Recap of Uncut, Student-Produced Documentary, “Rhythm & Race: A History of African American Music in Grand Rapids”

On Tuesday, February 28, West Michigan Center for Arts + Technology (WMCAT) premiered its uncut, student-produced documentary, “Rhythm and Race: A History of African American Music in Grand Rapids.” The first premiere of the documentary drew a packed-house at the Urban Institute for Contemporary Arts. Attendees of all ages and walks-of-life attended the premiere, many of which experienced the racial injustice that took place in Grand Rapids, as depicted in the film.

The film’s production team consisted of seven WMCAT students, along with WMCAT teaching artist, Mike Saunders, and Grand Rapids African American Museum and Archives founder, George Baynard III.

The hour-long documentary explores how music genres have influenced the social justice system in Grand Rapids, post-World War II leading up to the 1970s. The purpose of the documentary was to highlight Grand Rapids’ creative music scene, and the impact this had on bridging the gap between African American and mainstream culture, which was shockingly apparent at the time.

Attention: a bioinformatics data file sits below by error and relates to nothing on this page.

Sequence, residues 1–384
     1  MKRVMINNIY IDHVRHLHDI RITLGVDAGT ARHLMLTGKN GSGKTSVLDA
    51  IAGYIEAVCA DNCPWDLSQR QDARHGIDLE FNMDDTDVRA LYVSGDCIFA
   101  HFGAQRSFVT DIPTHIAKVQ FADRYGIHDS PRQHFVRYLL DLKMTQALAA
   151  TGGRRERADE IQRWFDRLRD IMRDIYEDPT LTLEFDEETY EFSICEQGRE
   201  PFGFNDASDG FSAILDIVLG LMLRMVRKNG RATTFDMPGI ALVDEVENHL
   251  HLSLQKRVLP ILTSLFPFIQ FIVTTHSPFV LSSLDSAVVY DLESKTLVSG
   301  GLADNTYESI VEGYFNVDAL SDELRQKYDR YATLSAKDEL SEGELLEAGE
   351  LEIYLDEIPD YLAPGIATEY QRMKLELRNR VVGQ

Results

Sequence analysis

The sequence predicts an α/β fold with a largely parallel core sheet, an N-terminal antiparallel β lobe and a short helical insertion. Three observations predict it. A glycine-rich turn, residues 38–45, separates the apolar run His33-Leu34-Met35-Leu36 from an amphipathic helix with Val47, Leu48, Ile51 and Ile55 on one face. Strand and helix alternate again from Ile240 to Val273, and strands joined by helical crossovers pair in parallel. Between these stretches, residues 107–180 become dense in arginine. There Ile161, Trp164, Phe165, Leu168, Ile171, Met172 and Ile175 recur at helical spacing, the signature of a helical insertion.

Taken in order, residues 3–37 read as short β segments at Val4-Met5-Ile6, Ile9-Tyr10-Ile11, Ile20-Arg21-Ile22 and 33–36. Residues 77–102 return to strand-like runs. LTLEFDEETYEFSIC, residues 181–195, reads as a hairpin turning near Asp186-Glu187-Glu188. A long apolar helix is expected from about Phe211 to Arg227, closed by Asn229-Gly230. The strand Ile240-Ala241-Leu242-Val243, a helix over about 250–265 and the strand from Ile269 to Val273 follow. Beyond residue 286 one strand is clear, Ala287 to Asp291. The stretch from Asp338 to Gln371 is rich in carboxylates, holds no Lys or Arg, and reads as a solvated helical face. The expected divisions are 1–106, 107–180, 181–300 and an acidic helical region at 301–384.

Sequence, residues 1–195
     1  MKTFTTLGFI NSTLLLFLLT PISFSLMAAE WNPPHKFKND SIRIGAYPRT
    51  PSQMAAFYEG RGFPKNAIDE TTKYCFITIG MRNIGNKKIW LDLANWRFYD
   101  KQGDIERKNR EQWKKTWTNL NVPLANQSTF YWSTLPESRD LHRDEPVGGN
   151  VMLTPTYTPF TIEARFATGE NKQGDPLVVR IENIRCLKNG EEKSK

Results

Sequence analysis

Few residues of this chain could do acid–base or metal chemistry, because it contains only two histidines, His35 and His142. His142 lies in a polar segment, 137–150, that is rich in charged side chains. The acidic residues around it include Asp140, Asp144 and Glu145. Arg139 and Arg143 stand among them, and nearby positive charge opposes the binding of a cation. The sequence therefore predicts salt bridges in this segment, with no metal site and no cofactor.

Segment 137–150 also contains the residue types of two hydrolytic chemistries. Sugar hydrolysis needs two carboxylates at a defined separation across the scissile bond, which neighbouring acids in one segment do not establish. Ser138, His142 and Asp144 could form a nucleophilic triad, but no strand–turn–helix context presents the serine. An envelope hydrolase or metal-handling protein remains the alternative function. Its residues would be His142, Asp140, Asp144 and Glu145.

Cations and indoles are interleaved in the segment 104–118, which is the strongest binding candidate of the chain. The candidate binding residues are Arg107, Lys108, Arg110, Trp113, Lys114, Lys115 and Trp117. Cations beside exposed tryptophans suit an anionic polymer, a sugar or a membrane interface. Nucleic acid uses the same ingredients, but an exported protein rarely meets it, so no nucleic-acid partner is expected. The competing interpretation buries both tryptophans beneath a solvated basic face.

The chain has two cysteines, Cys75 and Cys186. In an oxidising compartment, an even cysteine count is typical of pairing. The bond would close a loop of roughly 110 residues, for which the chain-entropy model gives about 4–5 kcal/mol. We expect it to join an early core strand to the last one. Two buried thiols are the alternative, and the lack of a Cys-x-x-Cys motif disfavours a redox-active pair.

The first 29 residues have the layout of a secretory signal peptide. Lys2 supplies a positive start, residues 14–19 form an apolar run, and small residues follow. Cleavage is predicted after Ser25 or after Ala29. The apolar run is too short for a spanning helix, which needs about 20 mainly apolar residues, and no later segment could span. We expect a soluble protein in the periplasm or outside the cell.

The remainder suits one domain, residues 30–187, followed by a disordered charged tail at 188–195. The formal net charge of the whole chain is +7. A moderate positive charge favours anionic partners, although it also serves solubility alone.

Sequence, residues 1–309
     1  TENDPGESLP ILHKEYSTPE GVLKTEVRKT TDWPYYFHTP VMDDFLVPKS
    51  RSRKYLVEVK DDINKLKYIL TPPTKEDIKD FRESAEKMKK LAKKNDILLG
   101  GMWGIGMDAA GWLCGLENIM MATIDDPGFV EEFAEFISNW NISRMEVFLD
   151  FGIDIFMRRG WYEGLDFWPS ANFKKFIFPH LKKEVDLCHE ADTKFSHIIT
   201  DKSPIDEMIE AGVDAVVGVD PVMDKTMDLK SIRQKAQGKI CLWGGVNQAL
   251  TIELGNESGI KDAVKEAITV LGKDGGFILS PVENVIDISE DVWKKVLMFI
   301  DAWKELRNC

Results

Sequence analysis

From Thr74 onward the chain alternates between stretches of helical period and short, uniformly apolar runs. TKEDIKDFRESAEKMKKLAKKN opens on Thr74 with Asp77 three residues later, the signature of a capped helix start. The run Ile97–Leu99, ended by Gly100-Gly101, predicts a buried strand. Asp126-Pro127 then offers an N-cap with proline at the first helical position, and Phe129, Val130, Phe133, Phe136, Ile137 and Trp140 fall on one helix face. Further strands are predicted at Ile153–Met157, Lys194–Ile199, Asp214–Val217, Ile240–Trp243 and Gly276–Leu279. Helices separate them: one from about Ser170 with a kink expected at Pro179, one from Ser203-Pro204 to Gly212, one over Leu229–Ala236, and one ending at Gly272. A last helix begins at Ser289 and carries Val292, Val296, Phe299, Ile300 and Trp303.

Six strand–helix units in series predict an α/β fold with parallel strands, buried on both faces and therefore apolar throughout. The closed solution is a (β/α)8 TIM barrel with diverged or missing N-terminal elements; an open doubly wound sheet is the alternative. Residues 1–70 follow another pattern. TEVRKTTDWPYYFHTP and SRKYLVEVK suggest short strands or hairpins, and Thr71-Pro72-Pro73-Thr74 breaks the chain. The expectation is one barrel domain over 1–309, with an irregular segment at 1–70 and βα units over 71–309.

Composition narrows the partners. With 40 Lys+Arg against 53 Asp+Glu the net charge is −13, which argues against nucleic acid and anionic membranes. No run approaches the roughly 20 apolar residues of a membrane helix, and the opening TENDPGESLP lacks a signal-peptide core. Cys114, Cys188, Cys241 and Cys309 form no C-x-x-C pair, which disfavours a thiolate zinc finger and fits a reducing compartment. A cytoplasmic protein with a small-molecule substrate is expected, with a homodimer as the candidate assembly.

In order to understand the racial injustice that took place during the 20th century, WMCAT students interviewed many community leaders and local music influencers from this time period. By facilitating these interviews, students were able to make the connection between race and music, and how these two components impacted, and shaped, the history of Grand Rapids.

“Rhythm and Race: A History of African American Music in Grand Rapids,” takes viewers back in time, as the documentary reflects on various hot-spots in Grand Rapids. In fact Grand Rapids was a premier stop for many musicians, as it was in between musical powerhouses, Detroit and Chicago. The documentary highlights The Horseshoe Bar, formerly on Grandville Ave, for uprooting famous Blues musicians such as Little Wolf. Also featured is Grand Rapids native and Soul music icon, Al Green, who was the first artist to sign with Hotline Music Journal records in 1967. HotLine was one-of-two recording studios that produced local musicians up until the 1970s.

Thanks to the financial assistance of a Heritage Grant from the Michigan Humanities Council, and a partnership with the Grand Rapids African American Museum and Archives, the documentary took around six months to complete.

To stay tuned on future viewings of “Rhythm and Race: A History of African American Music in Grand Rapids,” visit: wmcat.org/rhythmandrace.